Identical Twins? Not Quite. Choosing Between the Toyota GR86 & Subaru BRZ
In the decade-plus since their debut, the Subaru BRZ and Toyota 86 (formerly Scion FR-S) have always been known as “twins.” And for good reason—they are built in the same factory with the same platform, with the same drivetrains and share the same basic styling.
That close relationship has continued with the second-generation BRZ and the Toyota GR86, with the same performance upgrades being given to both versions. And while some buyers might be set on one of the specific models, plenty of other enthusiasts would consider either one.
So which one to buy? Or does it even matter which nameplate you pick? Is one easier or harder to get a hold of in a market that’s still supply constrained? Let’s break it down.
As you’d imagine, given their identical platforms and engines, there isn’t much difference in MSRP between the GR86 and BRZ and the trim levels of the two cars parallel each other very closely.
On the Toyota side, a base model 2023 GR86 with a six-speed manual transmission can have an MSRP as low as $29,495. A base ’23 BRZ Premium comes in at a nearly identical $29,615.
Opting for the GR86 Premium model gets you nicer seats and interior trimmings, larger 18-inch wheels and tires and small duckbill spoiler on the trunk and it has an MSRP of $32,175.
The top-of-the-line BRZ Limited gets the same upgrades except for the rear spoiler, and it has an MSRP of $32,115. As you can see, when it comes to price the two cars are virtually identical.
In terms of mechanicals, all trims of the ’23 GR86 and BRZ get the same 2.4L naturally aspirated boxer four-cylinder that makes 228hp and 184 pound feet of torque.
And just as important, they all get a standard six-speed manual transmission with limited slip differential, though a six-speed automatic is also optional.
There are some subtle differences in suspension setup between the two cars, with things like dampers, spring rates and sway bars tuned to reflect each brand’s personality.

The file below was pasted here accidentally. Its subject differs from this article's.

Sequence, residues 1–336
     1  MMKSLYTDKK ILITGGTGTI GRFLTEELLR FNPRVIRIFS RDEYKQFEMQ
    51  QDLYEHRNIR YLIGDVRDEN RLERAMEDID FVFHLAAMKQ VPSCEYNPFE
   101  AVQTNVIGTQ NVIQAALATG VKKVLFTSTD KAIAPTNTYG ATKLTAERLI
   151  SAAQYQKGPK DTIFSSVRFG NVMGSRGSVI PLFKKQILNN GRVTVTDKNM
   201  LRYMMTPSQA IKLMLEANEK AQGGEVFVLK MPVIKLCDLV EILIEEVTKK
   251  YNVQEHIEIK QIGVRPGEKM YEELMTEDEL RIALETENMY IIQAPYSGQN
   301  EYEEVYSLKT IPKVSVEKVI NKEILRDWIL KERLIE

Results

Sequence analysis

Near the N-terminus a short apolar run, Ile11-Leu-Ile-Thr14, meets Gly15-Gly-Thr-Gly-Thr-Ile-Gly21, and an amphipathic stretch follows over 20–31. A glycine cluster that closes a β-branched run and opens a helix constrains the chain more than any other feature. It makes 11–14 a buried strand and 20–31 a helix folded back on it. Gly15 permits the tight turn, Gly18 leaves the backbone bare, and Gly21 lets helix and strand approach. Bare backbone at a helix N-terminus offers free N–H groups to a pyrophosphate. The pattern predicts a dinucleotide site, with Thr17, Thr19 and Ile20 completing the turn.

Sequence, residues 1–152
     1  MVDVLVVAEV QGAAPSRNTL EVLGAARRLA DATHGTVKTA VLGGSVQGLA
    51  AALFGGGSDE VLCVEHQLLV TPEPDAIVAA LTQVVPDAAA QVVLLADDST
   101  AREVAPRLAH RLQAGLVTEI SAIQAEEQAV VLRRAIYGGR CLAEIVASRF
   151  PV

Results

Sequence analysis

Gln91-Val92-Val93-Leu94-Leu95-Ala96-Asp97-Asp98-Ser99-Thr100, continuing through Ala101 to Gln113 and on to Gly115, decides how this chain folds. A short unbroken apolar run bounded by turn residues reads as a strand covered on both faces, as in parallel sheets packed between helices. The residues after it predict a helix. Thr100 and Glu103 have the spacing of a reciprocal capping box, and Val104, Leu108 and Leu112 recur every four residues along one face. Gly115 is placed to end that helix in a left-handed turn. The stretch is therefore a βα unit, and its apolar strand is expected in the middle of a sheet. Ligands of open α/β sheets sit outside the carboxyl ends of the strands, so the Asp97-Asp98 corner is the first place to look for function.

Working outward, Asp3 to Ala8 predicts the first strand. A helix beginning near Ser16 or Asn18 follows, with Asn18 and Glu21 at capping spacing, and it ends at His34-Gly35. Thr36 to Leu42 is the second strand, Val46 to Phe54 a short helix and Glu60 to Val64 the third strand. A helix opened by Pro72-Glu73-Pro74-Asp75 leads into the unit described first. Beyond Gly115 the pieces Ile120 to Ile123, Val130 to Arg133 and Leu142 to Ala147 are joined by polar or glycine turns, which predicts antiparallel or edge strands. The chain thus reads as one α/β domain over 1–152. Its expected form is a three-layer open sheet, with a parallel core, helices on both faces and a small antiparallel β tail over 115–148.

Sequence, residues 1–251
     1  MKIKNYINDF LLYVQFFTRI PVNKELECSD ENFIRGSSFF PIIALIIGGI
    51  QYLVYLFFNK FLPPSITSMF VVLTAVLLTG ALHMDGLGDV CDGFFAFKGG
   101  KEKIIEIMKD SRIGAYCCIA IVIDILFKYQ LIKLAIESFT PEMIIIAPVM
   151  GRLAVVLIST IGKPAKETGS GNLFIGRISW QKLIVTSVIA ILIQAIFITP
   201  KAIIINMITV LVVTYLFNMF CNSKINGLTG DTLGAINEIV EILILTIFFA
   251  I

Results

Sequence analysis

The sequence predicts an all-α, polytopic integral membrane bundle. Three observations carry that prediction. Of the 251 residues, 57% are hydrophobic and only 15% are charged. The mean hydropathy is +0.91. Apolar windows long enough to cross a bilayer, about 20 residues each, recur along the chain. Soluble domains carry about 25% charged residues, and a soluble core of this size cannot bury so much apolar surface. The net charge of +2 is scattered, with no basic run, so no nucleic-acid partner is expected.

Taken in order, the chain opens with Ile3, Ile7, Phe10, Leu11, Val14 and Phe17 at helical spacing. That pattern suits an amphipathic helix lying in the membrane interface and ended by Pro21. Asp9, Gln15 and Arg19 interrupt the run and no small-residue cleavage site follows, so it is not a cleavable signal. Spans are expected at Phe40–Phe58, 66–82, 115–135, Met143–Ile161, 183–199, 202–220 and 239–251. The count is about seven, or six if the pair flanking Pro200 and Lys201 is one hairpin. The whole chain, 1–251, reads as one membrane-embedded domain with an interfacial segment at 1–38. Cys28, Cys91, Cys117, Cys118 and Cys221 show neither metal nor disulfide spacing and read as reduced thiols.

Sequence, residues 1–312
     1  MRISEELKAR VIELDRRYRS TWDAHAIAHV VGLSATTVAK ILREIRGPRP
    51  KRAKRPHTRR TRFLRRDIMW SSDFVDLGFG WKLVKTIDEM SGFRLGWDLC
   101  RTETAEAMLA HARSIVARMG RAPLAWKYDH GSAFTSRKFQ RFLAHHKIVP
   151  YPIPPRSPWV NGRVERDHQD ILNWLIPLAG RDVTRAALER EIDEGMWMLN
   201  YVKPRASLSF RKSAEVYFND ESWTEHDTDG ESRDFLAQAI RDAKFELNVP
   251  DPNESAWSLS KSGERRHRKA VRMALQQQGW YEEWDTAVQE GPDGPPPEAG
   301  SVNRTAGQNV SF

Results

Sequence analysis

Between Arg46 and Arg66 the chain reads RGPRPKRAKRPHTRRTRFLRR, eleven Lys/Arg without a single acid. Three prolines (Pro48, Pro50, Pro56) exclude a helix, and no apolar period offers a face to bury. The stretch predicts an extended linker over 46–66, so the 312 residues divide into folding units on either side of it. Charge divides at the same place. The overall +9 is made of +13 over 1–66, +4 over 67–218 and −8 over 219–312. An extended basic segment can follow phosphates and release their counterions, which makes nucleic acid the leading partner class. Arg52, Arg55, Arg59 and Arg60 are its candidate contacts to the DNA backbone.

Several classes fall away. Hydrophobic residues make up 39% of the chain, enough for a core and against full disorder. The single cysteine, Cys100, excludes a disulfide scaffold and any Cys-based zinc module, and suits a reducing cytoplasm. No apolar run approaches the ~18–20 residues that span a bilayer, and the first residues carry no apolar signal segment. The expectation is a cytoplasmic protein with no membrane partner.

The real-world differences in how the two cars drive aren’t huge, but they are noticeable, with the BRZ being slightly more planted and “safe” with the GR86 taking on a slightly more tail-happy posture.
This slight difference in personalities is something that’s carried over from the first-generation cars, and for most drivers they are probably subtle enough not to have a huge influence over a purchasing decision.
And let’s not forget that if you plan on aftermarket suspension upgrades, those small differences in factory springs, shocks and sway bars become even less critical.
Availability & Dealer Experience
Here’s where you’ll find the biggest difference between the GR86 and the BRZ. Both of these cars have been on sale for over a year now, but it’s never been super easy to get ahold of one. Especially if you want one with a manual transmission.
For some reason, Toyota ships an unusually high percentage of GR86 automatics, and the few manual cars usually get swiped up pretty quick. Even worse, Toyota’s allocation system doesn’t allow buyers to order a car how they’d like, so you are basically at the mercy of whatever a given dealer gets.
Subaru, on the other hand, actually allows you to order a BRZ how you like, though you’ll have to wait several months at a minimum. But even more important, BRZs have a much higher ratio of manuals to automatics in dealer stock so you might not even need to order one.
Finally, there’s the matter of dealer markup, While both the BRZ and GR86 have been subjected to dealer markup, it’s generally been easier to find the BRZ at sticker price, and that likely has something to do with the ongoing scarcity of manual transmission GR86s in Toyota’s allocations.
From a pure vehicle standpoint, there isn’t much to separate the two cars. And in terms of driving experience and aftermarket potential you can’t go wrong with either one, with a lot of it coming down to simple personal preferences.
However, in terms of choosing which one to buy, we’d give the nod to Subaru for its more buyer-friendly ordering experience and for giving enthusiasts greater access to the manual transmission.
Because for us, that’s one of the biggest reasons one should be shopping for a GR86 or BRZ in the first place.
More From Driving Line
- Want to see how the new BRZ does in a track matchup against the legendary Honda S2000? Check out this episode of Driver Battles.